The irony of this book is that the computer being developed by the team described in this book, a 32 bit Eclipse computer developed by the Data General corporation, a competitor to the larger and very successful Digital Computer Corporation (Digital), did not really achieve any major breakthrough in technology. While it was intended to compete with a new generation of Digital VAX machines, it ended up being just barely faster than VAX’s in a few special tasks. In fact, in a conversation I once had with some Digital engineers, they said that when they went head to head with Data General in bidding for a computer sale, the only thing they had to do was bring out Kidder’s book to demonstrate that the Data General box was yesterday’s news. Data General may have had the last laugh, as ailing Digital was bought out by Compaq, which has since merged with H-P, further submerging the once great Digital presence in the commercial computer world. Meanwhile, Data General is still around, albeit not the presence it once had when the `minicomputer’ was the great alternative to the IBM monoliths in the glass houses.
Favorite Quotations from The Soul of a New Machine
Computer were relatively scare, and they were large and very expensive. Typically, one big machine served an entire organization. Often it lay behind a plate glass window, people in white gowns attending it, and those who wished to use it did so through intermediaries. Users were like supplicants. The process could be annoying. P14
A company was more likely to asphyxiate on its own success. Demand for its products would be soaring, and the owners would be drawing up optimistic five-year plans, when all of a sudden something would go wrong with their system of production. They wouldn’t be able to produce the machines that they had promised to deliver. Lawsuits might follow. P33
A heroic metaphor for success in the computer business: “The major thing is avoiding the big mistake. It’s like downhill ski racing: Can you stay right on that edge beside disaster?” P35
[Seymour Cray and Co.] had come to build what are generally acknowledged to be the fastest computers in the world, he quintessential number-crunchers. Cray was a legend in computers, and in the movie Cray said that he liked to hire inexperienced engineers right out of school, because they do not usually know what’s supposed to be impossible. P77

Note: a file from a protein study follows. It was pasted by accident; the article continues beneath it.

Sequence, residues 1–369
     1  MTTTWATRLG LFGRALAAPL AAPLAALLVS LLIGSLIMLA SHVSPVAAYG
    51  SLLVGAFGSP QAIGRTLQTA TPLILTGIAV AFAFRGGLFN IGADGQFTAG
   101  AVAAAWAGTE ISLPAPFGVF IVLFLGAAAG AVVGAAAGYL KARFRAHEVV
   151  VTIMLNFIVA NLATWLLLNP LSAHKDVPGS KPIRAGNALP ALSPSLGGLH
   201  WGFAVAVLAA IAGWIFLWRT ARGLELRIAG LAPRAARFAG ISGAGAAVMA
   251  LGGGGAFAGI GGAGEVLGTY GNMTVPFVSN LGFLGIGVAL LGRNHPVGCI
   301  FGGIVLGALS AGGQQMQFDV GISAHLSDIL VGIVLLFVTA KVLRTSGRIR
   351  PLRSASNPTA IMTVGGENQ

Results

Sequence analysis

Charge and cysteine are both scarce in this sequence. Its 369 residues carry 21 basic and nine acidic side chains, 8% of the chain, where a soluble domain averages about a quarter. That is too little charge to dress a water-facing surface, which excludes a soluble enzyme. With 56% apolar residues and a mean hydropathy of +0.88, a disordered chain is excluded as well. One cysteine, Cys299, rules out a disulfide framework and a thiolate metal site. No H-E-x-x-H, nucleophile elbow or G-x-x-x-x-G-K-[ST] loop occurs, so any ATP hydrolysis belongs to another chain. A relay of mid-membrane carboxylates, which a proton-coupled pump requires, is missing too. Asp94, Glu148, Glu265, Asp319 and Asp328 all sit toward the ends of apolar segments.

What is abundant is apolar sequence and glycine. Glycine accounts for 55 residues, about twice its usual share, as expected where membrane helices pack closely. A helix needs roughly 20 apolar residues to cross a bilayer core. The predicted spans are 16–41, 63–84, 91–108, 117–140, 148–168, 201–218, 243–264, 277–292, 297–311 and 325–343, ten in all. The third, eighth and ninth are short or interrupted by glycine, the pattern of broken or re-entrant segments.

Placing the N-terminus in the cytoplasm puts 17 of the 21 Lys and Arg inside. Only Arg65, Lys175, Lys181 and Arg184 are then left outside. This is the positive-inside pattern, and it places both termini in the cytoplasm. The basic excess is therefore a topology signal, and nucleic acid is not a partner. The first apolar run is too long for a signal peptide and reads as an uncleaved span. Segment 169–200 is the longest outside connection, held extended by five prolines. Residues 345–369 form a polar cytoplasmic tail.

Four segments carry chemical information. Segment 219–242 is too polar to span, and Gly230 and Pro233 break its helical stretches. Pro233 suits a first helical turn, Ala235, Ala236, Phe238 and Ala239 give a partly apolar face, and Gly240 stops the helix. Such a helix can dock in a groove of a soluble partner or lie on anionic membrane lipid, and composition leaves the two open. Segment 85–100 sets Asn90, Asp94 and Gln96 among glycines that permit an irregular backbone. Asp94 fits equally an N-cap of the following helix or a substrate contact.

[On joining a high tech company] Going to work for the Eclipse Group could be a rough way to start out in your profession. You set out for your first real job with all the loneliness and fear that attend new beginnings, drive east from Purdue or Northwestern or Wisconsin, up from Missouri or west from MIT, and before you’ve learned to find your way to work without a road map, you’re sitting in a tiny cubicle or, even worse, in an office like the one dubbed the Micropit, along with three other new recruits, your knees practically touching theirs; and though lacking all privacy and quiet, though it’s a job you’ve never really done before, you are told that you have almost no time at all in which to master a virtual encyclopedia of technical detail and to start producing curcial pieces of a crucial new machine. And you want to make a good impression. So you don’t have any time to meet women, to help your wife buy furniture for your apartment, or to explore the unfamiliar countryside. You work. You’re told, “Don’t even mention the name Eagle outside the group.” “Don’t talk outside the group,” you’re told. You’re working at a place that looks like something psychologists build for testing the fortitude of small animals, and your boss won’t even say hello to you. P79
Wallach had now spent more than a decade working on computing equipment. He’d had a hand in the design of five computers — all good designs, in his opinion. He had worked long hours on all of them. He had put himself into those creatures of metal and silicon. And he had seen only one of them come to functional life, and in that case the customer had decided not to buy the machine. P93
That was what made it fun; he could actually touch the machine and make it obey him. “I’d run a little program and when it worked, I’d get a little high, and then I’d do another. It was neat. I loved writing programs. I could control the machine. I could make it express my own thoughts. It was an expansion of the mind to have a computer.” — Alsing, P126